|Occupancy rate (percentage)
Dan Rogerson: To ask the Secretary of State for Justice how many cases have been processed by the Solicitors Regulation Authority in each year since its creation; and how many such cases resulted in (a) no further action decision and (b) sanctions against a solicitor. 
Bridget Prentice: The information I have received from the Solicitors Regulation Authority (SRA) states that over 18,000 investigations have been concluded since its creation in January 2007. This breaks down as follows:
|Number of cases
|(1) A monthly average of 573.6
(2) A monthly average of 611.8
(3) A monthly average of 639.7
Where regulatory action is deemed appropriate, outcomes for these investigations can be categorised in one of three ways. First a sanction may be applied with no
action required or secondly the case may be referred to the Solicitors Disciplinary Tribunal or thirdly a case is closed due to ongoing action elsewhere. The SRA has provided me with a break down of sanctions against solicitors for this period. These are as follows:
|Number regulatory action required
|Percentage of cases
|Percentage of cases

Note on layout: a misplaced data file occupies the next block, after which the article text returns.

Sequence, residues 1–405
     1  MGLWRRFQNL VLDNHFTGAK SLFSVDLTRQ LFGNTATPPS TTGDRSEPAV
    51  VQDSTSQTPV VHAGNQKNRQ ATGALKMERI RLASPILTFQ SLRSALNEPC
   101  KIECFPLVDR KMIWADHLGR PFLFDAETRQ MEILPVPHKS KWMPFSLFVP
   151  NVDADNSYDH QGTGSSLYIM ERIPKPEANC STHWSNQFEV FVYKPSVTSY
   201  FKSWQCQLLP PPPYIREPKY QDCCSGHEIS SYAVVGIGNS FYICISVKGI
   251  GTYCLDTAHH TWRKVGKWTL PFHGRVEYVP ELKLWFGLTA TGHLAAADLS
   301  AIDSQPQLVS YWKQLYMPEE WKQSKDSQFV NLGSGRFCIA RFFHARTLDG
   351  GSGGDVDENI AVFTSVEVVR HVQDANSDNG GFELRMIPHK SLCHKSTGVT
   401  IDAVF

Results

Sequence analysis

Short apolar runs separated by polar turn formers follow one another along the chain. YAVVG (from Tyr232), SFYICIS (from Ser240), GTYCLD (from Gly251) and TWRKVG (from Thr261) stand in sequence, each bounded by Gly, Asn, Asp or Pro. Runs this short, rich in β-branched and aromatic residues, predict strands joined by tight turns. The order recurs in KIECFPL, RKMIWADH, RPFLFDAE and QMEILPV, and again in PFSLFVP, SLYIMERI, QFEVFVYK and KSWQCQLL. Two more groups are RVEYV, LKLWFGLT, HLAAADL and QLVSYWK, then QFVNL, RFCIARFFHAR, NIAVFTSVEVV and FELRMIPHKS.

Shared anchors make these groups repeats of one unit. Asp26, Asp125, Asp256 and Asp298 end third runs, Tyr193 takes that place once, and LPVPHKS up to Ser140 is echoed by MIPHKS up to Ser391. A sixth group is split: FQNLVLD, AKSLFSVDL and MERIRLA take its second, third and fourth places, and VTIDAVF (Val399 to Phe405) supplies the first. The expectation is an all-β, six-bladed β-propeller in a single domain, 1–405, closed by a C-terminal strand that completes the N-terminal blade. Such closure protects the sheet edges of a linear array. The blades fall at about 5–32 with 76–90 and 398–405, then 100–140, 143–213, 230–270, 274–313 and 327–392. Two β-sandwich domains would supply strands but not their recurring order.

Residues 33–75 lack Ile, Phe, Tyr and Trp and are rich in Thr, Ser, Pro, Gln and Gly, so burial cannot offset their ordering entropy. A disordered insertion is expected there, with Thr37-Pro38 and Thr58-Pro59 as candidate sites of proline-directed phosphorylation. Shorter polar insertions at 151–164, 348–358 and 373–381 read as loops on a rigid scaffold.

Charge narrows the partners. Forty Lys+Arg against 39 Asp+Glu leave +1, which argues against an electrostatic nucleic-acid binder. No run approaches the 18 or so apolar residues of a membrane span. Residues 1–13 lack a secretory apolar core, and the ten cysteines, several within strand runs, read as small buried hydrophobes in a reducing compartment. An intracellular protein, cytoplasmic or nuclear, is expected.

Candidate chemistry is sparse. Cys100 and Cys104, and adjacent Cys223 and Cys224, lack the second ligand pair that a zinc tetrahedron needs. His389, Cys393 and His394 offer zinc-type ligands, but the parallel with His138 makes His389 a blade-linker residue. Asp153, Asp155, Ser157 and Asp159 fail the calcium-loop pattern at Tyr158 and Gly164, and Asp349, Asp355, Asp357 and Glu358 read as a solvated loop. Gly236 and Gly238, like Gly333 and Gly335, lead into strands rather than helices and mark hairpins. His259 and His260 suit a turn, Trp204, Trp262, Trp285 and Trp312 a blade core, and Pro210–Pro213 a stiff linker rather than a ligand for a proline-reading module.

|Disciplinary referral/ongoing action
|Percentage of cases
|(1) January to June
Dan Rogerson: To ask the Secretary of State for Justice what the average length of time taken by the Solicitors Regulation Authority to determine a case was in the latest period for which figures are available. 
Bridget Prentice: The information I have received from the Solicitors Regulation Authority (SRA) states that, based on a total number of 3,838 cases closed between January and June 2009, standard cases were closed within 3.1 months on average. This includes time taken for referral for adjudication where necessary.
The SRA has further explained that, where allegations are assessed as being high-risk, and it is deemed necessary to do so, field-based investigations may be undertaken. Based on 211 such investigations concluded between January and June 2009, these cases took an average of 9.8 months from authorisation to completion, including the issue of a report where necessary. In addition, 11 extremely complex cases were concluded within this period, taking an average of 16.0 months to complete.
Dan Rogerson: To ask the Secretary of State for Justice what the average length of time is between the determination of a case by the Solicitors Regulation Authority and its conclusion by adjudication in the latest period for which figures are available. 
Bridget Prentice: The information I have received from the Solicitors Regulation Authority (SRA) states that cases adjudicated upon internally are dealt with either by an individual adjudicator or a panel of adjudicators. Over 1,000 adjudications took place in between January and June 2009. Decisions by an individual adjudicator had a turnaround time of 23 days on average (0.8 months). An adjudication panel decision took an average of 34 days (1.1 months).